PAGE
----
1953 was the year when we first new; That the Principals and Instructors, were a wild and woolly crew. 1954, came upon us like a rocket; With a pounding of the ears, and a feeling out of pocket, 1955 was oh so very tricky; To keep in the job, we had to get sixty. But those four years, are good to make a crack; At some of the Instructors, that got on our back. Firstly Horrie Gilson, was a good one to mock, Morning noon and night, he'd be watching his clock. Then there was Spencer, his first name Fred; To him we were nothing, but a stupid dead head. But to be with Smithy, who's as bright as a fork; Your ears would be red, from excessive talk. Among the bosses, were Chappelow and Bell; If they were around you never could tell. Big Ken Whylie, knew a bit about Morse; I will say no more, he might use force. Good old Burgess, his first name Vic; He told us all, how switchboards tick. There was Jim Young, who’d strike a fair blow; He did the bunk, and went on furlough. Charlie Younger, was a man to go crook; If told his auto, had a dusty look. And somewhere around, we’d find Doc Plummer; He’d fix a cut, as good as your mumma. But stand ABC Pratt, with switchboard, Vic; I’m afraid the former, would look a bit sick. Across the school, you’d hear a great bark; Heralding the entrance, of Burly Clark. Down at Alexandria, we’d find conservative Col Deas; Who had to keep his daughters, on a short and sturdy lease. Walking around is Fuller, tinny as can be; But Fruen would be running, after our union fee. Enough for smoky hollow, and over to Annandale; Where the air is thick, and just as hard to inhale. We find jovial Mack, holding the chair; Ready to pounce, if acting the liar. Now and then, we see the boss Tom; He hits the joint like an atomic bomb; He will usually give us a smile, noting our character in his mental file. Ken Jamieson we will find working on switches; While downstairs is Gardiner, looking at pictures. Then we find speed, a nickname for Jordan; As far as I know, still making that organ. Also is Wilson, swarvy as can be; Trying to give that subject telephony. We find Harry Collins, tall thin and lean; When jiving on a dance floor, he’s like a jumping bean. Pete and Bodgy Woodford, like to breast the bar; Although I hear the latter, had trouble with his car. Then there’s Guinea, first name Dan; He’s renowned, as the 2000 man. Around about, is Blondie Hughes; With him you watch your P’s and Q’s. Coburn occasionally, will give a whine; Also they tell me he‘s well up the line. Then there’s Jack, electric globe Watt’s; To him you and I, are nothing but clots. Now and then, Reg Baker will pine; For a petty cash voucher, filled into sign. You will find Kendall, as quiet as the Nile, Forever carrying, that potential smile. Accompanying him, we find Noel Stokes; Forever cracking, those shocking jokes. Then there’s Jim, his second name Pierce; Don’t come late, or you’ll find him fierce. Also is Joe, namely Muldoon; Turning his boys, into radio goons. Down in the cafe, we find Miss Turner; Her prices are red hot, and really a burner. Enough of the Dale, and into Parker; We find the air, is getting darker. There we find Walrus, curling his mo.; Fail an exam, and he’ll tell you to blow. Now and then, we see Jack O’Brien; Forget your Book, and it’s a flaming crime. Alongside him is Do Do Des; You must swat, or so he says. Teaching Long Line you’ll find Horsenell; He thinks his lectures, as clear as a bell. Also is Houseman, teaching the same; Long line resulting, is a crying shame. You might find my comments, are a bit severe; Well it’s the last chance we have, to make a leer. And as for Graham, the ginger beer; If he comes looking, I won’t be here. Regarding the ones, whom I have omitted; I’m afraid to say, I have been outwitted. But one last word, I’d like to say; Let’s all get rotten, here today.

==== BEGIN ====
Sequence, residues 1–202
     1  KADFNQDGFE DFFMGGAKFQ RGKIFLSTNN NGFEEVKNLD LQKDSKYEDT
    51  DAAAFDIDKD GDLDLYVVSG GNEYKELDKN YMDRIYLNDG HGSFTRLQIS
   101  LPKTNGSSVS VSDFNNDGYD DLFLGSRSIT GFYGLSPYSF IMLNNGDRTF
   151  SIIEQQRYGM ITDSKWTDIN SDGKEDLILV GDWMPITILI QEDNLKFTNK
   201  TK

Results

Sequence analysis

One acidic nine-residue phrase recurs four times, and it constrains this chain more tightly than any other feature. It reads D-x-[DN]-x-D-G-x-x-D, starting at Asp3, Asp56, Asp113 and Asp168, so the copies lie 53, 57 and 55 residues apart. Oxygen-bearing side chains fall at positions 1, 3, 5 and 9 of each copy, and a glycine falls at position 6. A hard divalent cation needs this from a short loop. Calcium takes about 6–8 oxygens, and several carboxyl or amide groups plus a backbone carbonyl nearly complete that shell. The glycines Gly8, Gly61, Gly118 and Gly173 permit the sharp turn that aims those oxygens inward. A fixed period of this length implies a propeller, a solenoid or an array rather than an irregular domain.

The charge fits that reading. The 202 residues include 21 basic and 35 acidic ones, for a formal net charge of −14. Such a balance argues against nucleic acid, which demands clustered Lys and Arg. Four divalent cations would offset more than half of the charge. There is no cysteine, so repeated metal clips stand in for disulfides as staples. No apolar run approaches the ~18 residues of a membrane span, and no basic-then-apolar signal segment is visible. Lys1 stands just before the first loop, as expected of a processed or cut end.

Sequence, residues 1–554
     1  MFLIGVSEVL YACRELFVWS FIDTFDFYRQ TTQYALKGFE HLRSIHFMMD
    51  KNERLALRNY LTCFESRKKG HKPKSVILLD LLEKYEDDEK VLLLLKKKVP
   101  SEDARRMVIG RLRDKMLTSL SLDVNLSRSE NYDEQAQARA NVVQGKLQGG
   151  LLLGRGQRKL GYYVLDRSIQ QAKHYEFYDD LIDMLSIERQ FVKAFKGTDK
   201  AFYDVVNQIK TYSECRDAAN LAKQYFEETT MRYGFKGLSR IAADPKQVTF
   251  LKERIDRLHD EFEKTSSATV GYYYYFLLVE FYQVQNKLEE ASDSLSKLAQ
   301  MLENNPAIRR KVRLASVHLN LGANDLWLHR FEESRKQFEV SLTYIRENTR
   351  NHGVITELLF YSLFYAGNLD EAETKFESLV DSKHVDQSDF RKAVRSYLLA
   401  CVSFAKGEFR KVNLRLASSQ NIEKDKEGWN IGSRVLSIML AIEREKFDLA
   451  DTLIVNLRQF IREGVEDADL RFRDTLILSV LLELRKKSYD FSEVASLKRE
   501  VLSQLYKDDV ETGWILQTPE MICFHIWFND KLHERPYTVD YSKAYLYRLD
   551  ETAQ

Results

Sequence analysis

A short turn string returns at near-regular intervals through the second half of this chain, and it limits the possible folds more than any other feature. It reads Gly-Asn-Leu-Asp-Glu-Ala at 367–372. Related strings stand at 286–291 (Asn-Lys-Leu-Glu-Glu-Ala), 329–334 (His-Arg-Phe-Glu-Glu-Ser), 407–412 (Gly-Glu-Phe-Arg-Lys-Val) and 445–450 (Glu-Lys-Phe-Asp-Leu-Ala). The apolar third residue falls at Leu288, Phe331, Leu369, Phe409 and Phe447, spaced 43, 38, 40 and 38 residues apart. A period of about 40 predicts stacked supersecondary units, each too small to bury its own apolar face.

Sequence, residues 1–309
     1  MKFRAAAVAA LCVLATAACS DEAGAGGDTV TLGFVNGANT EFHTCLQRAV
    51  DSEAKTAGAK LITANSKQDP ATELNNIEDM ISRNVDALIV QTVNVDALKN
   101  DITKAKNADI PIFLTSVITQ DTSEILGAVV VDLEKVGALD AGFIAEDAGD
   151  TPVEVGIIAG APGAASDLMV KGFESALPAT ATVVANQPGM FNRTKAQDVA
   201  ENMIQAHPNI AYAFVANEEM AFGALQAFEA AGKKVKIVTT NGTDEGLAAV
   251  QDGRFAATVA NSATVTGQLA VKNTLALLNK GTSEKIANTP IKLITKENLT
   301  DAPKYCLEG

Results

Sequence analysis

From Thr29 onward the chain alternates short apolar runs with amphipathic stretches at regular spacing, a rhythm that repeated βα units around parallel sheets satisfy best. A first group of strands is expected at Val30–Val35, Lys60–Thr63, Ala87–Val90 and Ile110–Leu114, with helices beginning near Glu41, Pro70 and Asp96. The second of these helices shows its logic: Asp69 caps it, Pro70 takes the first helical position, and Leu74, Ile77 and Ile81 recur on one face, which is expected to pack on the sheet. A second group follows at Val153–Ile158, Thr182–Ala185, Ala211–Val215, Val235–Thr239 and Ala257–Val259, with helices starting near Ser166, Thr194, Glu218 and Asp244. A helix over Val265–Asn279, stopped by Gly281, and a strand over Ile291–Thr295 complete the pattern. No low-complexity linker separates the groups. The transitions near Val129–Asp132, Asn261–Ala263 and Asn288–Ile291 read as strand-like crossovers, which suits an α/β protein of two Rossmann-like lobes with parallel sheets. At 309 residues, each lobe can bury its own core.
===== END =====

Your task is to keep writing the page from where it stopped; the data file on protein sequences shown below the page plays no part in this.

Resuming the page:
T I T Author unknown Submitted - 15th June 2016